Others will have dissenting opinions, no doubt.

6 comments:

Bibliotropic said...

I agree with some pieces and disagree with others. While I can say that in many ways I am a fan of certain authors and will go out of my way to promote their works, I also won't shy away from saying negative things about some of what they've written. If I don't enjoy it, I don't enjoy it, and I hold the general opinion that authors should have enough maturity to realize that you can't please everyone.

(Sadly, I often get proven wrong with this assumption, but I continue to hold it because it keeps me honest in my reviews.)

I enjoy speaking with authors, though I can't say I've ever made friends with any of them. I learned the hard way that it can be a real conflict when you talk to an author casually and then find out that you don't like what they're written. I felt compelled to sugar-coat, to speak in round-about ways that meant I wasn't saying anything bad per se, but wasn't saying anything good either.

I'm glad I outgrew that.

While I can't say I'd mind being able to get closer to authors and publishers in some ways, it's probably easier in the long run to keep at least a professional distance, so that I can be honest without feeling guilty, and so that I can avoid filling my blog with mindless, "ZOMG, go buy this book now because it roxxors!" I may not have the best blog in the world, but it's far from the worst, and I want to keep it that way!

Larry said...

Yeah, the intended rant tone probably makes it hard to agree with everything :P

Good points. I'm one of those people who likes a healthy reserve when reviewing. I'll on occasion cover people with whom I chat on Twitter, but that's because there isn't (for me) a perceived inappropriate closeness that would compromise my take on the novel/story. I have few problems speaking with authors, provided the context doesn't revolve around promoting their works uncritically in the guise of a review. That's what worries me about reading those that do this, as it does not lend itself a good reputation.

I like your attitude in the final sentence, by the way :D

Bryce L. said...

This was a great post, Larry, can we be friends? :) But seriously, thanks for bringing this to my attention, it was also fun reading the review that sparked the "cow" comment.

I have to say I agree and disagree as well, but I support your ability to say so. But in the same way I support your ability to say so, I support theirs as well. Luckily for me, I'm not nearly as good a writer, nor am I as astute an observer of our culture as you are, so I'm also not as offended at the reputation these types of bloggers/reviewers are giving the community.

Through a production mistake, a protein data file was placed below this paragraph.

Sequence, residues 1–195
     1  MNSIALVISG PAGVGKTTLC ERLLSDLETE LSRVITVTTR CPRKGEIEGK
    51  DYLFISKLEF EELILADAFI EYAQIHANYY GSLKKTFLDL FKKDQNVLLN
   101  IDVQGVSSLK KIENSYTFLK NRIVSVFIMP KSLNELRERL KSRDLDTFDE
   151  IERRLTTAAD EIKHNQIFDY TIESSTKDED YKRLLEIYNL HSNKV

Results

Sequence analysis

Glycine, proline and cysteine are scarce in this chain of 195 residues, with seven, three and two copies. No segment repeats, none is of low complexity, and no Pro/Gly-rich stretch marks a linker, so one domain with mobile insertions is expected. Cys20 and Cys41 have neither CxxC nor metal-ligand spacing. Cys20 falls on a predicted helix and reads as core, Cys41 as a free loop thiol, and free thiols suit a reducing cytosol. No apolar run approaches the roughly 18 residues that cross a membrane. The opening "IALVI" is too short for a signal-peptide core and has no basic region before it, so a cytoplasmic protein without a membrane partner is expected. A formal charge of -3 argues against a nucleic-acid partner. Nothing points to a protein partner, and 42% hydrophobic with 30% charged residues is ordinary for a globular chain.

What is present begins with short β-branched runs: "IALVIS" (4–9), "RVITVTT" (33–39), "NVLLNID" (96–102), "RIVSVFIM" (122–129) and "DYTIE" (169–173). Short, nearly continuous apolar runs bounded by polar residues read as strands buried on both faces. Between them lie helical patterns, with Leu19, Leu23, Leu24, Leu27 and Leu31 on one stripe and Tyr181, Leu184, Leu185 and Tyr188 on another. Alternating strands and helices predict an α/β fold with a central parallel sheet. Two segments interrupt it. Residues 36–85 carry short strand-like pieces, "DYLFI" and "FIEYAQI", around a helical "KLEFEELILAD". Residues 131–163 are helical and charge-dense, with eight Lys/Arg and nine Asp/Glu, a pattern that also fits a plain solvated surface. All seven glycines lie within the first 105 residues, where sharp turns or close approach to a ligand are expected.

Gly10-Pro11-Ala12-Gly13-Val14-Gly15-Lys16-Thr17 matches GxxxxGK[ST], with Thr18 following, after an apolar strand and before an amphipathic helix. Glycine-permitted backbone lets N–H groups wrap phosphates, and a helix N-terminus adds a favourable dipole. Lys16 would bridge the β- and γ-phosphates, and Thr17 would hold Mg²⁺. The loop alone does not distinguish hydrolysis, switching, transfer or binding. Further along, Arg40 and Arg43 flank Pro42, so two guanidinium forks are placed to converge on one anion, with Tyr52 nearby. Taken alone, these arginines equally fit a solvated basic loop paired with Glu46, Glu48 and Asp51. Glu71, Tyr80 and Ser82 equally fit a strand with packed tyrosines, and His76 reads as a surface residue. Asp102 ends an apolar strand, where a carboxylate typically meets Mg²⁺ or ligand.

For me, I can spot those types of "reviewers" (if we can call them that) who snuggle up to authors and everything is peachy...and that's enough. I tend to avoid them and I definitely don't trust them.

Larry said...

Bryce,

As long as you don't spam bomb me on Facebook, I suppose ;)

Yes, I can understand the balance needed in commenting on books. I might have sounded more disparaging than usual in my rant (which was meant to be as much tongue-in-cheek as serious), but I can see some valuing that sort of "book blogging" approach that incorporates Goodreads, even when it includes those petty fights. I just think it wouldn't be wise to consider them reviewers, since they are self-professed fans first and foremost. As long as they are not associated with the likes of me, I can deal with it...or at least provide some silly vitriol for a Monday ;)

Adam Whitehead said...

I've met a few authors whose books I have given unfavourable reviews to and generally found them to be okay about it (in almost all cases, they are still publishing new works and doing very well, so it's hardly a big deal).

That said, I have backed off somewhat in the last year or two from attending PR events in London for this reason. There is line between cordial amenity at a potential networking event and going out on the piss at publishers' expense etc, and it's a good idea not to blur it.

I also joined Goodreads with the intent of making use of it, but after spending a while looking at it I realised it really wasn't worth the time or effort to engage with it :-)

Larry said...

Yeah, I never understood the attraction of such company events, as I tended to avoid them when I was an employee. Besides, I would worry about being influenced subconsciously by getting to know publishing people too closely, as we do tend to be more forgiving of those we know best.

Goodreads I'll join after I start posting ratings for my reviews :P